Bodø beat out Banja Luka and Mostar, both from Bosnia and Herzegovina, to the title and will become the first European Capital of Culture to be located north of the Arctic Circle. Two other places will hold the title in 2024, Tartu in Estonia and Bad Ischl in Austria.
Since 1984, the European Union has designated European Capitals of Culture. It is regarded as one of the EU’s most successful cultural initiatives. The concept behind the program is that culture can be a driving force for civilised urban development alongside business and industry. While Norway is not a member of the European Union, it qualifies for the status as a member of the European Free Trade Association (EFTA) and the European Economic Area (EEA).
Many international travellers know Bodø as one of the longer stops on the Hurtigruten coastal voyage or as a pitstop on the way to the Lofoten islands. Yet there’s plenty to see and do in this northern city that functions as the regional capital of Nordland county.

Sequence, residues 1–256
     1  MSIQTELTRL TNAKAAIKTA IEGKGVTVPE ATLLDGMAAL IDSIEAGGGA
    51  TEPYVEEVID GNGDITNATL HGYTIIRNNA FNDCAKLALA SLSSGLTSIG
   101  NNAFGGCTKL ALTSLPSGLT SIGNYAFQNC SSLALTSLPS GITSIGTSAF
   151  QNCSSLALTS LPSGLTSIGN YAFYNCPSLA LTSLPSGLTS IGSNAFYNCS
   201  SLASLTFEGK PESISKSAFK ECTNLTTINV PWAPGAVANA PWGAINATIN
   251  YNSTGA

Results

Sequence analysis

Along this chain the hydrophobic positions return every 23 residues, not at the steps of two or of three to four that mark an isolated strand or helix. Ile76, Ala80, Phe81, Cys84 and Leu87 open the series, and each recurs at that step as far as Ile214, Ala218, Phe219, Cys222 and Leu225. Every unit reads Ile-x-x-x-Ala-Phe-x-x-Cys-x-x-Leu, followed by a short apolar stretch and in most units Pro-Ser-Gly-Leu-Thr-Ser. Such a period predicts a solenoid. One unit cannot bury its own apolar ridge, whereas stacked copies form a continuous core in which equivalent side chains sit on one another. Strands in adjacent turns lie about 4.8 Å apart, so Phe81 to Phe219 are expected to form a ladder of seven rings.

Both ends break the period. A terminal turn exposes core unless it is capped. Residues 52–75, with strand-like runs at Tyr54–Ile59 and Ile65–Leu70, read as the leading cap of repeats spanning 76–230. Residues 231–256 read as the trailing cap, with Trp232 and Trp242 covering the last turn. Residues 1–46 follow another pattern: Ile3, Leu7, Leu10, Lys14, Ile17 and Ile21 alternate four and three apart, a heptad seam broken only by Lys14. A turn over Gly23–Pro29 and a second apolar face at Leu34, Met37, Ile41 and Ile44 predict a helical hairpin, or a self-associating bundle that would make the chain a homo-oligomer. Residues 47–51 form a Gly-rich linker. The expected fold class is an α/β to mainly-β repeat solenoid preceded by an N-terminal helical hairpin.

Tourism has grown and nature is the primary draw, with the town sandwiched between mountains and the sea, with everything from hiking and birdwatching to northern lights safaris and boat trips to the Saltstraumen maelstrom.
While many cultural projects are planned for 2024, part of Bodø’s appeal was the cultural investments that have already taken place. Its attractive new waterfront library and cultural centre Kulturkvartalet Stormen will be central to many of the planned activities. The year will be held under the banner “ARCTICulation”.
Organisers say: “Being a European Capital of Culture involves a great opportunity to rethink and develop not only the culture sector but the society as a whole. Nordland is doing great. Unemployment rates are close to zero and we export more than ever. Still, our future is not just bright and free from challenges.